skip to main content

Listen

Read

Watch

Schedules

Programs

Events

Give

Account

Donation Heart Ribbon

Star Trek Fans

With a New Star Trek Origin Film Opening Fans Talk About the Original Series’ Appeal

Above: The crew of the Starship Enterprise, then and now.

Audio

Aired 5/6/09

Fans of the original Star Trek series discuss the show's enduring popularity and message.

"Space the final frontier..."

So Barack Obama is a fan of Star Trek. That seems fitting. Fellow Trekker Aaron Mac Farland just wishes that George Bush had been one too.

AARON MacFARLAND: "If George W. Bush had been a devotee of Star Trek and understood and learned any of the messages I don't think there's any way he would have conducted himself in the way that he has."

MacFarland typifies Star Trek fans in the sense that the show is more than just entertainment - it represents a philosophy of life, and provides a moral compass. For comic book artist Jim Lee, it was about leadership and humanity.

JIM LEE: "Despite all the technology it's a person who sits in the captain's chair who has to make the decision and he's very human and I'm embarrassed to say but a lot of things I hold very firmly in my personal beliefs came from that show."

James T. Kirk: "I spent my whole life training for decision just like that one..."

As a kid, Lee watched the show for the action and absorbed show creator Gene Roddenberry's ideas without even realizing it. The show served up futuristic technology but what David Glanzer appreciated were the things that remained the same.

DAVID GLANZER: "Even though it was set centuries into the future human fears and human emotions and prejudices still existed and that made it more accessible."

To Glanzer, Captain Kirk was a great leader not because he was perfect but rather because he was flawed.

DAVID GLANZER: "He was a good guy but he made mistakes, and he was human."

James T. Kirk: "Leave any bigotry in your quarters there's no room for it on the bridge."

It's that humanity that fans embrace, even if characters were blue skinned or had pointy ears. In terms of leadership, Roddenberry provided the show with something akin to a holy trinity says Jim Lee.

JIM LEE: "McCoy being this very emotional character, and then you have Spock being this voice of reason and logic and Kirk a man of passion and desire as well as fierce leader."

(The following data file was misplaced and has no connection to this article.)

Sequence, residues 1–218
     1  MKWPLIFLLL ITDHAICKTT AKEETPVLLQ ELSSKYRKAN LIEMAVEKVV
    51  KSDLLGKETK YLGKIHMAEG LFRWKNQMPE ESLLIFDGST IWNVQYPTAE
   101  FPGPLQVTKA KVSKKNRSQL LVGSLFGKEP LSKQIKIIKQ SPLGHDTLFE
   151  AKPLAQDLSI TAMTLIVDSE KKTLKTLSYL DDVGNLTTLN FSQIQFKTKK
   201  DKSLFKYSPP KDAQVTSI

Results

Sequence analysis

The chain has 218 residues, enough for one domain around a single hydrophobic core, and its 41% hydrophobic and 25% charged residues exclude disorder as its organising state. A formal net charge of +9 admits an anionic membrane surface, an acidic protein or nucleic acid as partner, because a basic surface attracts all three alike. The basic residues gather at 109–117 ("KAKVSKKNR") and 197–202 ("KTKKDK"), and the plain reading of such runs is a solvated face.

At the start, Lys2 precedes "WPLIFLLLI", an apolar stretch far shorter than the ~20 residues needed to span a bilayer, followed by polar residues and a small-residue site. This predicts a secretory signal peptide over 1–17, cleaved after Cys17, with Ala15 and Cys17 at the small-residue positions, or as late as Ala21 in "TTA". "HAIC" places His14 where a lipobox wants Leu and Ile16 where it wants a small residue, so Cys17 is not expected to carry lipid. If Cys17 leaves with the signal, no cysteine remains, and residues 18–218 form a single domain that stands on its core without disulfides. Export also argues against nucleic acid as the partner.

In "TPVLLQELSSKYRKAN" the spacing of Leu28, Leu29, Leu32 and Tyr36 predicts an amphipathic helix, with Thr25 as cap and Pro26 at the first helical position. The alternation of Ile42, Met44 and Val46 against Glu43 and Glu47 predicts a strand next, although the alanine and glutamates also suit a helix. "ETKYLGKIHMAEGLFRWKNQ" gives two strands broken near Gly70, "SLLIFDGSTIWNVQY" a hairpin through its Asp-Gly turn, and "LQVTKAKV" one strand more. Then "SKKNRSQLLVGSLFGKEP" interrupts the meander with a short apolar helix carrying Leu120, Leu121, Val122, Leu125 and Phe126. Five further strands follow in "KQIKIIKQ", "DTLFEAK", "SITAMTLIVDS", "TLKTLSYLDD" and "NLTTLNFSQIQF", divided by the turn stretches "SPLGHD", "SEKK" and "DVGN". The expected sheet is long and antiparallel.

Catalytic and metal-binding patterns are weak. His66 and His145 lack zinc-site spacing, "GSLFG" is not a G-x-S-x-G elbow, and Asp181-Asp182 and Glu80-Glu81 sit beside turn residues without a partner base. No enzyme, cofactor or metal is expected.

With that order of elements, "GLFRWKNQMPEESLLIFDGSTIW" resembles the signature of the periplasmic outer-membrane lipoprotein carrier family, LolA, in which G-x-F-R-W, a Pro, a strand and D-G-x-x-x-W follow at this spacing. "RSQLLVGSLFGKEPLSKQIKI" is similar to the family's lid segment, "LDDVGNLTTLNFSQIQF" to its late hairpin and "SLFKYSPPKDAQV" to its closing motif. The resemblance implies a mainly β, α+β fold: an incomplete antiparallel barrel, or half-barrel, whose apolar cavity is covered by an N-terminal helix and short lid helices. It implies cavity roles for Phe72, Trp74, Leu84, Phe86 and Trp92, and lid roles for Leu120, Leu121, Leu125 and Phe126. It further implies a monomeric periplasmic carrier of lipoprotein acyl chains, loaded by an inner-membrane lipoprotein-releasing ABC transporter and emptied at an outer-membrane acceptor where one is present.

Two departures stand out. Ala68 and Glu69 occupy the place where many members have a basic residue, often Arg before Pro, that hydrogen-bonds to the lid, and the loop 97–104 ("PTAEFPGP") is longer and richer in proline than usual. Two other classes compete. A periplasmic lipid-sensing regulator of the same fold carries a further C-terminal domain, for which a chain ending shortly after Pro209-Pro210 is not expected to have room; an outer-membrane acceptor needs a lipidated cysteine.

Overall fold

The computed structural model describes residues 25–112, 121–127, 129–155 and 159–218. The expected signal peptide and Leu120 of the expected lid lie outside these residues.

James T. Kirk: "Give up your hate you are welcome to live with us..."

RAMIE TATEISHI: "The things that struck me most about watching Star Trek as a kid was the sense of teamwork and the spirit of adventure."

That's Ramie Tateishi. He sometimes uses Star Trek in his classes at UCSD. He calls the show a "cultural allegory" that reflected issues of war and race that were pertinent to America in the mid-to late sixties and that still resonate today. Gene Roddenberry's innovative show also inspired such diverse things as the exploration of space and the development of the cell phone says David Glanzer.

DAVID GLANZER: "It is not lost on me when I flip my cell phone open to talk that there's a little piece of Kirk in me."

It's that fan connection to the show that makes the new Star Trek movie so anticipated. Will it respect that fan base and the spirit of the original series? Or will it venture off into a new frontier. Word is that it spins an alternate universe where essentially anything is possible and where a younger cast can hopefully inspire a new generation of consumer Trekkies.

Christoper Pike: "Enlist in Starfleet... if you are half the man your father was the fleet can use you..."

Chris Pine and Zachary Quinto as the new and younger Kirk and Spock in J.J. Abrams' Star Trek

Paramount Pictures

Above: Chris Pine and Zachary Quinto as the new and younger Kirk and Spock in J.J. Abrams' Star Trek

At the WonderCon panel for the film, director J.J. Abrams confessed coming to the project not as a fan of the original series (although he said he now wishes he had become a fan earlier). But he designated producer Roberto Orci as the "Trekker" on the film's creative team. So Orci delivered this message to the Star Trek brethren.

ROBERTO ORCI: "I think everyone here deeply respects and admires and was inspired by what Trek was and this movie is in the unique situation in that it's both a prequel but a sequel all of Trek that proceeded this movie is necessary within canon for this movie to have happened if you're a fan. So if you're a fan your knowledge of Star Trek will be rewarded and if you're not you are going to learn why we were all inspired by it.

Or as Captain Kirk said in every show...

Jame T. Kirk: "To boldly go where no man has gone before..."

NOTE: These Days will rebroadcast a special segment about the influence of Star Trek on May 12.

We've upgraded to a better commenting experience!
Log in with your social profile or create a Disqus account.

Please stay on topic and be as concise as possible. Leaving a comment means you agree to our Community Discussion Rules. We like civilized discourse. We don't like spam, lying, profanity, harassment or personal attacks.

comments powered by Disqus